After five years of discussion and consultation regarding the Church’s position on sexuality, they met Tuesday to finalize their recommendations.
The General Synod, the Church’s equivalent of a parliament, will discuss their proposal next month.
According to a number of bishops who were present at the meeting, the Church’s teaching that Holy Matrimony can only take place between a man and a woman will not change and will not be put to a vote, BBC News was told.
However, following a civil marriage or partnership, the Church confirmed that “prayers of dedication, thanksgiving, or for God’s blessing” will be offered to same-sex couples.
England and Wales have legalized same-sex marriage since 2013. However, the Church did not alter its teaching when the law changed.
“Living in Love and Faith,” an extended period of consultation, was launched in 2017 by the Church of England.
The Bishop of Oxford became the most senior Church of England bishop to publicly support a change in the Church’s teaching in November of last year. Even though a small number of people backed him, they were still in the minority.
Campaigners for change within the Church are likely to be enraged by the Church’s refusal to propose a vote on allowing same-sex marriage.
Some have already informed BBC News that they will request that the synod reject the bishops’ proposals the following month.
“Prayers for God’s blessing”
The decision made by the bishops puts the Church of England at odds with the Presbyterian Church of Scotland, which allows same-sex weddings, and The Scottish Episcopal Church, which is the Anglican equivalent in Scotland.
While same-sex weddings are not permitted in church, the Anglican Church of Wales has authorized a blessing service for gay couples.
The BBC anticipates that English bishops will recommend the adoption of “prayers for God’s blessing” for gay couples in civil marriages.
The church’s controversial 1991 document requiring clergy in same-sex relationships to remain single will be scrapped. BBC News was informed by a number of bishops that the Church will also issue an apology for the way it has excluded LGBT+ people.
There had been “substantial progress,” according to a liberal bishop at the meeting.
They said, “It’s evolutionary.” The journey is not over.”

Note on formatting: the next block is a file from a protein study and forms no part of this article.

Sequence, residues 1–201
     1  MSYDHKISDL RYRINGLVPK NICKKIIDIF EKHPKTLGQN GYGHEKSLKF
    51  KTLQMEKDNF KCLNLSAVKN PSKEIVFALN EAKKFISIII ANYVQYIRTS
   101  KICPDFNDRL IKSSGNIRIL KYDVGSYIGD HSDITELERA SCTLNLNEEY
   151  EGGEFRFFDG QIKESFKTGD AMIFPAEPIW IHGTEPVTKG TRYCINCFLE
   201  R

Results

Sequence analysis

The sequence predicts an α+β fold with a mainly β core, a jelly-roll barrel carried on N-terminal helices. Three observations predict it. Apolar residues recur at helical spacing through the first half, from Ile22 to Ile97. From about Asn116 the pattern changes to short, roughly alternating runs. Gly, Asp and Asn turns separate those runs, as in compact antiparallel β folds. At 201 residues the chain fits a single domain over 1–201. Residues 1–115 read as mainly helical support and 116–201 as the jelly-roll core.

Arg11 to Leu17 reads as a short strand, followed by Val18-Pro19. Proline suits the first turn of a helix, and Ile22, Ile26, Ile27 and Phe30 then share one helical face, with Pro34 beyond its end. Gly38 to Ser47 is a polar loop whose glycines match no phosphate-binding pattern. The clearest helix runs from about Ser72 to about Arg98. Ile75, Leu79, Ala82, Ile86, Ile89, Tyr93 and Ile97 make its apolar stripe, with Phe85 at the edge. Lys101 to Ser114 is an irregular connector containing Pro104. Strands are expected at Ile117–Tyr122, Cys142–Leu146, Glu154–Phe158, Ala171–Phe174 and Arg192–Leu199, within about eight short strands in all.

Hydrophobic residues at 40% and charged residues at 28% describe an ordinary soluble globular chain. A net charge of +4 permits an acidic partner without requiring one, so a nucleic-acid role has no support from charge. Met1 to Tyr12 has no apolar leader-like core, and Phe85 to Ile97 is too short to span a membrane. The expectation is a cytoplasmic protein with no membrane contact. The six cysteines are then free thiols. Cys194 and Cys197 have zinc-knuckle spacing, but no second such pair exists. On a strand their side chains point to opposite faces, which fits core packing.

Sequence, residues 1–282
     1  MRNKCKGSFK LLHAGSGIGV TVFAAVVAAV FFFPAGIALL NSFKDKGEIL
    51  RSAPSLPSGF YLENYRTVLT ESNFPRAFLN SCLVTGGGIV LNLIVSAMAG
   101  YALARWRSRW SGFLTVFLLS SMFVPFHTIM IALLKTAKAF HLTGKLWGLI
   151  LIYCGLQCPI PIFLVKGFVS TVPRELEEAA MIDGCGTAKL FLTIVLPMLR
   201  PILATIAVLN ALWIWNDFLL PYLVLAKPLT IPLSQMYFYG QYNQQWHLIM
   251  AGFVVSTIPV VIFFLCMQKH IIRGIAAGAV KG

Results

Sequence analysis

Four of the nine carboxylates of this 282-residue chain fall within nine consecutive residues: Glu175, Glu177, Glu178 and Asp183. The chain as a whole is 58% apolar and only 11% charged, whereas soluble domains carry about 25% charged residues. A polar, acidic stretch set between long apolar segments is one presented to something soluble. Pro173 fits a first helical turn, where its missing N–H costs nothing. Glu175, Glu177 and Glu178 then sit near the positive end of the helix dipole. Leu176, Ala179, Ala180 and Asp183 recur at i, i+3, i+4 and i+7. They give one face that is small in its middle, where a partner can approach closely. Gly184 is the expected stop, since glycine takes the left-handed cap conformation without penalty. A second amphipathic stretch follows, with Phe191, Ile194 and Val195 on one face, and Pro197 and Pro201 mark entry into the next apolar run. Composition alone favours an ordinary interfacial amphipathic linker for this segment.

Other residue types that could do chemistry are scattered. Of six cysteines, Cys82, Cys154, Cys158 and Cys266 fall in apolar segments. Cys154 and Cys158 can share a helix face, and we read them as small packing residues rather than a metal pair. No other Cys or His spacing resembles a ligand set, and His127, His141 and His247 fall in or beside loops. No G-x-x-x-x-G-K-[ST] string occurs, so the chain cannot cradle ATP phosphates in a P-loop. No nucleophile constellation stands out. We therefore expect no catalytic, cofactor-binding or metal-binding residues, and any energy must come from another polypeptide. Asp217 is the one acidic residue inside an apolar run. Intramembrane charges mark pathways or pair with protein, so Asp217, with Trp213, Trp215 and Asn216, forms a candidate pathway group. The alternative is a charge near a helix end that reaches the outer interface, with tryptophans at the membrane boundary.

According to a conservative bishop: We are being sincere about the fact that we do not agree on these issues. However, we are not giving up on walking together.
Piotr Baczyk, 27, and Charlie Bell, 33, live in south-east London with their partner. Charlie is a priest. Until the church allows gay weddings, they have been delaying getting married.
He stated that the bishops’ failure to propose a vote on same-sex marriages caused them “deep disappointment.”
He stated to BBC News, “It leaves same-sex couples in a bit of a limbo and also as second-class citizens.”
“We’re still telling gay couples that their relationships are less important than relationships between people of different sexes,” the statement reads.
However, he stated that they would continue their efforts to influence the Church’s teaching regarding gay marriage.
He stated: It’s not over yet. The bishops are very much mistaken if they believe this will resolve the current situation.
The Most Reverend Stephen Cottrell, Archbishop of York, told BBC Radio 4’s Today that a friend who was gay had died before the Church could acknowledge his civil partnership in any way.
He stated, “All that has changed now.” For the first time, people in civil partnerships or same-sex marriages can visit the Church, have their relationships acknowledged, be dedicated, and receive God’s blessing.
“No, it is not the same-sex marriage that everyone wants, and it is not everything everyone wants.”
But he said that the Church had made a “real step forward” with it.
He stated, “What I want to emphasize is that people who have entered into a same-sex marriage or who are in a civil partnership will be welcomed into the Church at a service of dedication and acknowledgment of that relationship” with these proposals. That is a departure from our current situation.
The position “reflects the diversity of views in the Church of England on questions of sexuality,” according to the Most Rev’d Justin Welby, Archbishop of Canterbury.
He stated: Although I have no doubt that what we are proposing today will appear to go too far for some and not nearly far enough for others, it is my hope that it will be received in a spirit of generosity and concern for the welfare of the community.
“Most importantly, I hope it can provide a means for the Church of England to publicly and unambiguously convey to all Christians, particularly LGBTQI+ individuals, that you are welcome and a valued and valuable component of the body of Christ,” she said.